HC Deb 27 July 1859 vol 155 cc496-500

said, he would not repeat the statement which he had made to the House the other night on the subject of Greenwich Hospital. He had brought forward this question for the last three or four years, and successive Boards of Admiralty had promised amendment, but he had always been deceived. The fact was that at present the officers in the hospital were treated in one way and the men in another, and he did not think the House should delay to do what was an act of simple justice. It had been proved that the Navy was an unpopular service, and no means ought to be left untried to remove such an impression. That being so, he should persist in the Motion of which he had given notice.

Amendment proposed,— To leave out from the word 'That,' to the end of the Question, in order to add the words 'an humble Address be presented to Her Majesty, praying that She will be graciously pleased to ap-appoint a Commission to inquire into the Management of Greenwich Hospital, instead thereof.'


said, his noble Friend (Lord C. Paget) had been called away on professional duty, and in his absence he should be obliged to oppose the Motion, as he hardly thought the House was prepared to enter upon a course which must entail a serious expenditure. The gallant Admiral had stated on a previous occasion that the salaries of the officers of Greenwich Hospital amounted to £25,000, while the sum spent on the maintenance of the pensioners was only £33,000 a year. He had, however, omitted a great many items which ought to be included in the cost of maintaining the men, such as £5,000 for the wages of the servants, who were most of them pensioners, £6,000 for clothing, £4,000 for household stores, together with the cost of maintaining the sick in the infirmary, and two or three other items, which really raised the pensioners' account to something like £60,000 a year. He complained, too, that some of the Commissioners were nonresident, the fact being that only one of them was, and that because there was no residence for him. There might be some points in the management of the hospital which admitted of improvement, but the present Admiralty had been so short a time in office it was impossible for them to have examined the subject. During the recess, however, they would look into the funds and the expenditure, and would endeavour to carry out any improvements, which appeared desirable. Meanwhile, he put it to the House whether it was worth while to incur the expense of a Commission.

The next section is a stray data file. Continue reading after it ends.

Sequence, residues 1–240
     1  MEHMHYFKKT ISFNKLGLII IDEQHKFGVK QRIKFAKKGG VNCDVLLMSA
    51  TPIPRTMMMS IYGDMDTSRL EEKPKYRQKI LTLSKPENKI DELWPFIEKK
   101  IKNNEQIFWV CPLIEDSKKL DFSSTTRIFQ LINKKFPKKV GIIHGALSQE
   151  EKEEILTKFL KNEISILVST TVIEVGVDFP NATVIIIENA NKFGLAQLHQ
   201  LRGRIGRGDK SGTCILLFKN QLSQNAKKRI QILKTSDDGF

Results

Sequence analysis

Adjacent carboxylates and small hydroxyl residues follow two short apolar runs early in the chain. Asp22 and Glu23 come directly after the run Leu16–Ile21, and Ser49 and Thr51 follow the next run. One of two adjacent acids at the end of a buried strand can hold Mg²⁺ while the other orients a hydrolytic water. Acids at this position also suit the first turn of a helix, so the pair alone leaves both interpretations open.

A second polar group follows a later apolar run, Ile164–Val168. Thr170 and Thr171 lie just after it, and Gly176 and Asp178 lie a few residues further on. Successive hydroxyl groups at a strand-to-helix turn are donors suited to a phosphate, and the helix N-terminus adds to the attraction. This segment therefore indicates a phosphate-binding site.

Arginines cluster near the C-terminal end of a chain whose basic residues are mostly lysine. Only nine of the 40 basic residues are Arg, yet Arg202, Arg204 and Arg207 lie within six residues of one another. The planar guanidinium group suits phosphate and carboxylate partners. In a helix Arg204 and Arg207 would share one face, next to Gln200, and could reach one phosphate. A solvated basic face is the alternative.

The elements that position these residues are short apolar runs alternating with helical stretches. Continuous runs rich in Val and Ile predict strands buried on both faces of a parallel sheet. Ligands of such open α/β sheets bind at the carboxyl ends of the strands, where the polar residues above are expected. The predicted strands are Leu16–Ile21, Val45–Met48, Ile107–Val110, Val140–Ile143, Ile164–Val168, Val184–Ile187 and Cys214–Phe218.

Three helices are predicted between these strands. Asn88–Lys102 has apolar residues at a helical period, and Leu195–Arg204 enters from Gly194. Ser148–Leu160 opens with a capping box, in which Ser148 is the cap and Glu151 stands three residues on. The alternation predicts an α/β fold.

said, he did not think that in such a case the expense of a Commission ought to stand in the way of inquiry. The question had come before the Commissioners for Manning the Navy, who came to the conclusion that the question was so large a one, and the abuses were so many, that it was impossible for them to deal with them without travelling out of the proper limits of their authority. The Commissioners certainly expected that an inquiry would be made, and he thought that four or five naval officers could be assembled at small expense to give their opinion on the points at issue. The circumstance that the Government had recently come into office was no reason why a Commission should not issue.


said, he had no doubt that many improvements might be introduced into the management, of the hospital, but he did not believe any jobbing or peculation existed there, and from his knowledge of the officers he could say that a more zealous and honourable set of men never existed. Abuses did not prevail at Greenwich so much as at Whitehall.


said, he hoped that the gallant Admiral would not persevere in his Motion, seeing that the present Board of Admiralty could have had no opportunity of examining into the subject. The career of the late Board, too, had been cut short before they were enabled to inquire. Much dissatisfaction certainly prevailed respecting the management of Greenwich Hospital, and next year, failing any action on the part of the Government, he should be very happy to support the Motion for a Commission.